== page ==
We all agree that we are taught fundamental moral issues(don't do this/that, this/that is bad etc) when we are a kid (and as we grow up) from parents, teachers, religion, basically from the environment. But how do we (or they, the people who taught us) know/realize that some moral stance are right while others are wrong ?
I think the first stage of moral development is the above but whether we believe them and hence apply them is determined by the agent/subject (individual). This is where I am hypothesizing that morality is linked with biology because whether we apply a moral stance or not is based on the biological outcome (real or realized/simulated). For example, a person A does not slap/club another person B (in a normal everyday scenario) because A knows that if he was at the receiving end himself he would feel physical pain, bruise/wound, tears etc… which are biological manifestations of the body. Though the example is simple minded (and hence could be more sophisticated), it tells us that the main incentive for taking a particular moral stance is biological mechanisms (both physiological and its psychological manifestations such as emotions etc). Therefore, though there may be some exceptions (individuals), in a random population of a particular society the majority would also base their moral standing on this biological incentive and hence these would form the moral ground/code of the society.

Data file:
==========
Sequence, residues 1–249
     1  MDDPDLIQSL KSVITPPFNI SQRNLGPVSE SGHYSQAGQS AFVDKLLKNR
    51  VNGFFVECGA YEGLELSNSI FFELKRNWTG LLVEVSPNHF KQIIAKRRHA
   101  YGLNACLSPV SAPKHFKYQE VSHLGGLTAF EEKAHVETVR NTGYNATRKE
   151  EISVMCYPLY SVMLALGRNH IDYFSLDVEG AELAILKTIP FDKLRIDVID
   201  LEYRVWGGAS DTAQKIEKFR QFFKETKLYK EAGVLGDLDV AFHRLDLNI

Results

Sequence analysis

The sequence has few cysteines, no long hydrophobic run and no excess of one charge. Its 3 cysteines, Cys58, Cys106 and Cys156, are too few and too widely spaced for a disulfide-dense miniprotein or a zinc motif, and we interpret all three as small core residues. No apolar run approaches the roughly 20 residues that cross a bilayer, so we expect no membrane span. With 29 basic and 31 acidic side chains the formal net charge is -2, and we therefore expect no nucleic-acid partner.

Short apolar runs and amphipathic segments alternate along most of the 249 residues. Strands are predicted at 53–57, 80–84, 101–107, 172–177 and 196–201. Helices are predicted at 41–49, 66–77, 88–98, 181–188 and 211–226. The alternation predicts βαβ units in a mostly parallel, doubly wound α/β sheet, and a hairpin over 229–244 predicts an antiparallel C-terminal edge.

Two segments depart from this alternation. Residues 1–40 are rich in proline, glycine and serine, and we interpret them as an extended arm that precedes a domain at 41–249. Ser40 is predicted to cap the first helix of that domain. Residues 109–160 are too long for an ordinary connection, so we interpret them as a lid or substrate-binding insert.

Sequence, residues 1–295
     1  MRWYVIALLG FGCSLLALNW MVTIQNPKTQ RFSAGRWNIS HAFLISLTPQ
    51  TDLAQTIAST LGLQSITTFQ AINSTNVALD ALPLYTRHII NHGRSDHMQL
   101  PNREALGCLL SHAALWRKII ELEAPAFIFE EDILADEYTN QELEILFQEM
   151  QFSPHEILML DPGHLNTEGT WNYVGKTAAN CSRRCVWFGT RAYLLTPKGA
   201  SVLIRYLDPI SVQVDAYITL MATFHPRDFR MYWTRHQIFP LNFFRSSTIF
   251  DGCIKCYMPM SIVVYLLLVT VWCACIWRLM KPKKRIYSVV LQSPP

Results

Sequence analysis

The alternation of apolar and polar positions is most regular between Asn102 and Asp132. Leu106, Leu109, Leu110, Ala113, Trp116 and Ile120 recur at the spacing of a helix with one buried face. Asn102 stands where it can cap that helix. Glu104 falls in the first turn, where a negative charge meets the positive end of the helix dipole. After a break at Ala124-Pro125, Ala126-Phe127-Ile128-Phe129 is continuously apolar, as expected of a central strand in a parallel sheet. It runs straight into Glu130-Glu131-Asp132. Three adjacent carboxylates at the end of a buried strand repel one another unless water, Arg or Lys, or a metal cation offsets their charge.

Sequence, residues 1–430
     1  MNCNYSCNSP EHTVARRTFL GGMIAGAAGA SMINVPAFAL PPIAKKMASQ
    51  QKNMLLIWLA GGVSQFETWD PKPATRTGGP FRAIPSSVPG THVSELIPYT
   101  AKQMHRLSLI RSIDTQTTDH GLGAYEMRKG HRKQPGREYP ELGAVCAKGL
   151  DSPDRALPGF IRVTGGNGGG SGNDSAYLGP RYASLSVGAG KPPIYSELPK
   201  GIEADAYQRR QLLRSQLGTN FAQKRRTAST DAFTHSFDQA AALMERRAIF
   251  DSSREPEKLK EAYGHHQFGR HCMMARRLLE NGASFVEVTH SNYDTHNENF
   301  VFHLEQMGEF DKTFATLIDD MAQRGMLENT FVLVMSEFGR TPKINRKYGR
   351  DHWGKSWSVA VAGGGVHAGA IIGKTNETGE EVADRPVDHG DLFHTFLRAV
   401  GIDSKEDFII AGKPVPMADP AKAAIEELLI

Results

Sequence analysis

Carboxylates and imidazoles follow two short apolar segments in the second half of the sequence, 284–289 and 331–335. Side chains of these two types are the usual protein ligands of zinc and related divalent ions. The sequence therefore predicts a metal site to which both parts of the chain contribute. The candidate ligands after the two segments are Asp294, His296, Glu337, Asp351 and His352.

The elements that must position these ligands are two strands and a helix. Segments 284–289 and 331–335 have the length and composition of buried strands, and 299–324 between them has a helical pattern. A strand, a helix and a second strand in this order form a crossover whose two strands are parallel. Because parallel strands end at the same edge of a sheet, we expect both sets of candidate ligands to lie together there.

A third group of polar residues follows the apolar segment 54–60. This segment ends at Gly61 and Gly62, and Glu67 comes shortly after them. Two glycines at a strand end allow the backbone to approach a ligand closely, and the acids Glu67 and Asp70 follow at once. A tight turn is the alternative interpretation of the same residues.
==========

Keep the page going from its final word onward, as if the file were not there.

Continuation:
On conclusion, I think the first stage of moral development from environment provides a road map and selection of which road to take depends on biological incentives (just as given the choice most people take the asphalt road over the road with gravels, assuming both are of same distance not short-cuts, and you are not in a hurry ;-)).